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Pasquale Torrente

It was these anchovies in particular which made chefs and food writers across Italy sit up and take notice. Pasquale began designing entire menus around anchovies, serving them in all sorts of different ways. Fried, raw, in pasta, stuffed, pickled – he has managed to find every possible way of making an anchovy taste delicious and put it on the menu at Al Convento.

That’s not to say Cetara wasn’t known for its food at all before Al Convento, however. It is home to an ancient type of fish sauce called Colatura di Alici, which is similar to the Ancient Roman sauce garum. This intense amber liquid is made from fermenting anchovies in brine and collecting the liquid that’s drawn from the fish. This is then filtered and bottled, and has become an icon of Campanian cuisine in recent years. It also happens to be one of Pasquale’s favourite products to cook with. ‘I love colatura because it is such an ancient product which I feel particularly close to,’ he explains. ‘It is part of our heritage and the traditional way it is made has to be protected. The flavour is so intense, and invokes memories of my childhood and hometown. There are so many ways it can be used, and it’s so easy to add to dishes. Everywhere I go and in all my restaurants I make sure there is some colatura to hand.’

Over the years, Al Convento became a must-visit for any food-lover visiting the Amalfi Coast. But a trip to London in 2005 struck Pasquale with a new idea; why not utilise his experience running a rosticceria to add yet another reason to visit Cetara?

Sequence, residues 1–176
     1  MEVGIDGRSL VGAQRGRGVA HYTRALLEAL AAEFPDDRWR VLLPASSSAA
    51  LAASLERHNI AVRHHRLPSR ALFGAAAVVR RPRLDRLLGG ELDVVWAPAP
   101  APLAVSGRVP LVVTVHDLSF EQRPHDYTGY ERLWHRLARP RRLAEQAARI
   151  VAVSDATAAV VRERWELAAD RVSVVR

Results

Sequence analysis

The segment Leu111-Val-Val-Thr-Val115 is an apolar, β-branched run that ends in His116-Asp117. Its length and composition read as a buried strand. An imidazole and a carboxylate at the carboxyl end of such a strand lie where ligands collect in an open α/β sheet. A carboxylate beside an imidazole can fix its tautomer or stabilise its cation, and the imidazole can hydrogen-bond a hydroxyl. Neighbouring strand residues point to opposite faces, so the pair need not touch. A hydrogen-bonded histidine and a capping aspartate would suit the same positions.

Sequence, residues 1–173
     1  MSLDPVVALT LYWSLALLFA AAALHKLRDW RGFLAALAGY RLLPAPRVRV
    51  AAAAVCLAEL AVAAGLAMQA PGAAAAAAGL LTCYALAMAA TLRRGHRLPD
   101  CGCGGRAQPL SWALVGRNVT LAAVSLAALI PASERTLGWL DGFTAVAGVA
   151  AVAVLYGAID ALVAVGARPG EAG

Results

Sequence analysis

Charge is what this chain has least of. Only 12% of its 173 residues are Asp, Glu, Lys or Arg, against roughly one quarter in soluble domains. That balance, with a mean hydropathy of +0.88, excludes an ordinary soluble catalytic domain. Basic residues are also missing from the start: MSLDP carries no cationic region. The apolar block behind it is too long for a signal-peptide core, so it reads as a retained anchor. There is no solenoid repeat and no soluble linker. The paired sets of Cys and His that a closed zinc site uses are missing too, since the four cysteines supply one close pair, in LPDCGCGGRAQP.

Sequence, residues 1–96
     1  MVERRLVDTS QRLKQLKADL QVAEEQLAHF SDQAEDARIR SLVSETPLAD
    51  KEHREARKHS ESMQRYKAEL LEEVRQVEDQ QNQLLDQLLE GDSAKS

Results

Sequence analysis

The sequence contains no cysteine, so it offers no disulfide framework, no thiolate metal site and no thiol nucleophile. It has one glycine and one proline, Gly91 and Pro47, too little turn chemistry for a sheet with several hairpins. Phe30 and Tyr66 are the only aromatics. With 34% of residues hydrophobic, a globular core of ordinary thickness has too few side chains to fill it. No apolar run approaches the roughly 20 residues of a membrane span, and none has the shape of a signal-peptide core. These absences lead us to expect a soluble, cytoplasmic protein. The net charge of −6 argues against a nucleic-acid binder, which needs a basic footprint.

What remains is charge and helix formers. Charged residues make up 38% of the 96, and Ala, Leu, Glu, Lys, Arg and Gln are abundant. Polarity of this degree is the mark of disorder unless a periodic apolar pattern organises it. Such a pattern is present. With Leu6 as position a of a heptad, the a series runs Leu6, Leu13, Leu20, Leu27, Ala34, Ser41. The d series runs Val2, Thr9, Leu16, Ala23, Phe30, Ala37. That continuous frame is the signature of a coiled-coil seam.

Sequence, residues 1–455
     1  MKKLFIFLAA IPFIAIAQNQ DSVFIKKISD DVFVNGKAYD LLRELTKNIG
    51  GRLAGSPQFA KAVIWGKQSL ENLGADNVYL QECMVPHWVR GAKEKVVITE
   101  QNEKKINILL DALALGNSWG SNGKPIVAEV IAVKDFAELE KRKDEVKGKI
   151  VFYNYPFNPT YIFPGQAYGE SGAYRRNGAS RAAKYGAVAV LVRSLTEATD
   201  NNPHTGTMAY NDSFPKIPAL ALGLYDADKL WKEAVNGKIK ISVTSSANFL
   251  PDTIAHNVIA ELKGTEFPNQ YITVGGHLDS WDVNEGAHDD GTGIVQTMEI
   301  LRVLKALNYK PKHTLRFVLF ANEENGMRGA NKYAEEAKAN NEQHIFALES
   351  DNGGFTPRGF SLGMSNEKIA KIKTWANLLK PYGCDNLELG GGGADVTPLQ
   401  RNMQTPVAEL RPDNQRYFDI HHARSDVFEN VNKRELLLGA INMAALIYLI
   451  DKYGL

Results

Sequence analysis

‘When I was in London I saw a huge queue outside a fish and chip shop. I bought some for a crazy amount of money and it wasn’t appetising at all. I thought, ‘if they can sell this stuff here, then I can do it too in Italy, but with quality ingredients – after all, I come from the homeland of street food’. That’s when I decided to open La Cuopperia del Convento in Cetara, a restaurant that specialises in fried food, even though at the time the word ‘fried’ was thought of as heavy and unhealthy. But it worked.’

Now with two incredibly successful restaurants under his belt – plus further outposts across the world in partnership with Eataly – Pasquale has cemented his reputation for serving incredibly tasty yet unassuming food, simply by sourcing incredible local ingredients. ‘Today, in my fifties, I believe I have completed everything I set out to do,’ he says. ‘I have accomplished my dreams.’ And that’s something all chefs want to achieve.

Three things you should know

When he was still at school, Pasquale and his family used to sell clothes alongside studying and running the restaurant so they could afford to eat out at the best restaurants in the area.

As well as his restaurants in Cetara, Pasquale has opened many branches of his Friggitoria fried food restaurants in outposts of Eataly all over the world, and has a rustic tavern specialising in fish called Burro&Alici in Lombardy.

Pasquale refurbished Al Convento in April 2018, to make the dining room more communal and break down the barriers between the kitchen and the customer.